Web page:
It is well known that a two-phase natural circulation flow can exhibit instabilities over certain regimes (Gulshani et al, 1995) so we now examine that phenomenon and give some relevant analytical results.

Siphon Condensation NC (SCNC)

The decreasing of NC driving forces, the small temperature difference across U-Tubes of steam generators, and the occurrence of the CounterCurrent Flow Limiting Phenomenon (CCFL) at the entrance of U-tubes are at the origin of wide system oscillations of core inlet flowrate, e. g. Ref. [10]. The phenomenon has been investigated in Refs. [5] and [11], based on a natural circulation experiment performed in Lobi facility, Ref. [12]. Evidence of the phenomenon has been found also in other facilities. At mass inventories of the primary system around 70% of the nominal value, the efficiency of the condensation heat transfer across U-Tubes causes the release of almost all core thermal power in the ascending side of U-Tubes. Liquid level builds up and is prevented to drain down by the steam-liquid mixture velocity at the tube entrance, i. e. the CCFL condition occurs. Therefore, liquid level rises in the U-Tubes till reaching the top. During this period, typical duration of the order of 10 s, flowrate at core inlet is close to zero and core boil-off occurs. Once the liquid level reaches the upper bend of U-Tubes, the siphon effect occurs and causes the emptying of the ascending side of U-Tubes and the re-establishment of core inlet flowrate. A new cycle starts. The phenomenon is made more complex by the interaction of the several thousands of U-Tubes that constitute a SG tube bundle. Different groups of tubes may stay at a different stage of the oscillation at the same time, also causing flow reversal in the tube bundle. Suitable core cooling still can be achieved in these conditions.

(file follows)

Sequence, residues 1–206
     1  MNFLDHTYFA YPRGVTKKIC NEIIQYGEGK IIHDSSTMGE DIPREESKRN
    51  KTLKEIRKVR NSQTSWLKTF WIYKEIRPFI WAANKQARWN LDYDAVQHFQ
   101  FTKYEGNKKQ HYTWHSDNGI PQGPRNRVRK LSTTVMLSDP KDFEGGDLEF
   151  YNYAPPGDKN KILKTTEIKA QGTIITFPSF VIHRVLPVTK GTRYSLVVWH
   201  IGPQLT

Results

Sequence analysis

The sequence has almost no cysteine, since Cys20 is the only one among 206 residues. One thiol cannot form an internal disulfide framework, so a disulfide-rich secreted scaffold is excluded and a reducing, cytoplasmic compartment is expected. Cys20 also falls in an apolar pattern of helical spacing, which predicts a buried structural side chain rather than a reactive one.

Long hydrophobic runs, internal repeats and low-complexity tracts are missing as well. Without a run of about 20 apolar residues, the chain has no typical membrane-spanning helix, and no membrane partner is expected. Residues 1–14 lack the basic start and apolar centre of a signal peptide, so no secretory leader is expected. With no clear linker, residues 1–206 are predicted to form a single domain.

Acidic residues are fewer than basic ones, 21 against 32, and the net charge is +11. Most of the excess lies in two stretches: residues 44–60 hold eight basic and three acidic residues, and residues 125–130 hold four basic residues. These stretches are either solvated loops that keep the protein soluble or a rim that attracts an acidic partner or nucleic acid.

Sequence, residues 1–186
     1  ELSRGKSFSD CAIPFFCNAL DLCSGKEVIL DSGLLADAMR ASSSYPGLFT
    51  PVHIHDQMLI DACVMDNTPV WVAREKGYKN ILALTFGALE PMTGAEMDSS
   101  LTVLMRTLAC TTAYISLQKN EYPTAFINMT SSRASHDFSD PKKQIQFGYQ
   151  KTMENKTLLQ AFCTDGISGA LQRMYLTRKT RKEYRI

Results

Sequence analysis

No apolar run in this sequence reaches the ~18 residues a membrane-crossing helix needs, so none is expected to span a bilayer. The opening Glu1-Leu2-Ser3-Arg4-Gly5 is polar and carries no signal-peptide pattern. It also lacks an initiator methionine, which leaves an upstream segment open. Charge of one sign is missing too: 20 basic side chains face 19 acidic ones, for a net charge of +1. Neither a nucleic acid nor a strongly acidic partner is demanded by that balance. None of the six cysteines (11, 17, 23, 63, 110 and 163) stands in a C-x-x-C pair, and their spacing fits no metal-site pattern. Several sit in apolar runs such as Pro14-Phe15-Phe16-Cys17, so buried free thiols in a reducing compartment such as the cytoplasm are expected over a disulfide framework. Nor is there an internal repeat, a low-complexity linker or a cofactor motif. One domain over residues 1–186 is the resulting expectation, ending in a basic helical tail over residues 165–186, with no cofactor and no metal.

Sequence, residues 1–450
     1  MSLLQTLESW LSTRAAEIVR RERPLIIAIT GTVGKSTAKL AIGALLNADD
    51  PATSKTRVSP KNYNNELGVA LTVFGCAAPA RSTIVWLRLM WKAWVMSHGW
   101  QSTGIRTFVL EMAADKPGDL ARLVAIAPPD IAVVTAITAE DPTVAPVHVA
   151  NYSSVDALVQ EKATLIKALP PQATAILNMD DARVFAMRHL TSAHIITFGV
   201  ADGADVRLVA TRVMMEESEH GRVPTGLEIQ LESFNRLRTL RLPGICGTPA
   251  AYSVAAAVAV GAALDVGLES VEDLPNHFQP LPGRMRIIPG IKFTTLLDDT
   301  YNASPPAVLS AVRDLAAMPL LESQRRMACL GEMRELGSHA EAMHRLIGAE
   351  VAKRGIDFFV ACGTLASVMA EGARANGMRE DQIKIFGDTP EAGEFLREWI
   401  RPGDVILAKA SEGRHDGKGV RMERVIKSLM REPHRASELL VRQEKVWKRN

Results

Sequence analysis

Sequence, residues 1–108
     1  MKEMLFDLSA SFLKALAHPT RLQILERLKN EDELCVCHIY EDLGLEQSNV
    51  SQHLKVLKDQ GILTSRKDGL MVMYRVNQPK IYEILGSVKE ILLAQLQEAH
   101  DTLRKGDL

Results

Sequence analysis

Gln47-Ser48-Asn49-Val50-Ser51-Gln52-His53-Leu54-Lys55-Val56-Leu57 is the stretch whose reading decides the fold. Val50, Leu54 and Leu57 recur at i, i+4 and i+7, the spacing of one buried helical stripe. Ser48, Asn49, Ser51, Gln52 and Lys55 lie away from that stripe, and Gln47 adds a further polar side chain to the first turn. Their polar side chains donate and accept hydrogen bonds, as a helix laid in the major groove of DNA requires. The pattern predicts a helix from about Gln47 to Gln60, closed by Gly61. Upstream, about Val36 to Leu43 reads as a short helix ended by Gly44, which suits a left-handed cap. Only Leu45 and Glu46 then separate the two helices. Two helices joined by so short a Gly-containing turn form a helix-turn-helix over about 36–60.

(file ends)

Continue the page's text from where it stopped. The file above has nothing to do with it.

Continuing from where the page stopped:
Influences of buoyancy and thermal boundary conditions on heat transfer with naturally-induced flow

J. D. Jackson, J. Li

University of Manchester, United Kingdom

Abstract. A fundamental study is reported of heat transfer from a vertical heated tube to air which is induced naturally upwards through it by the action of buoyancy. Measurements of local heat transfer coefficient were made using a specially designed computer-controlled power supply and measurement system for conditions of uniform wall temperature and uniform wall heat flux. The effectiveness of heat transfer proved to be much lower than for conditions of forced convection. It was found that the results could be correlated satisfactorily when presented in terms of dimensionless parameters similar to those used for free convection heat transfer from vertical surfaces provided that the heat transfer coefficients were evaluated using local fluid bulk temperature calculated utilising the measured values of flow rate induced through the system. Additional experiments were performed with pumped flow. These covered the entire mixed convection region. It was found that the data for naturally-induced flow mapped onto the pumped flow data when presented in terms of Nusselt number ratio (mixed to forced) and buoyancy parameter. Computational simulations of the experiments were performed using an advanced computer code which incorporated a buoyancy-influenced, variable property, developing wall shear flow formulation and a low Reynolds number k~e turbulence model. These reproduced observed behaviour quite well.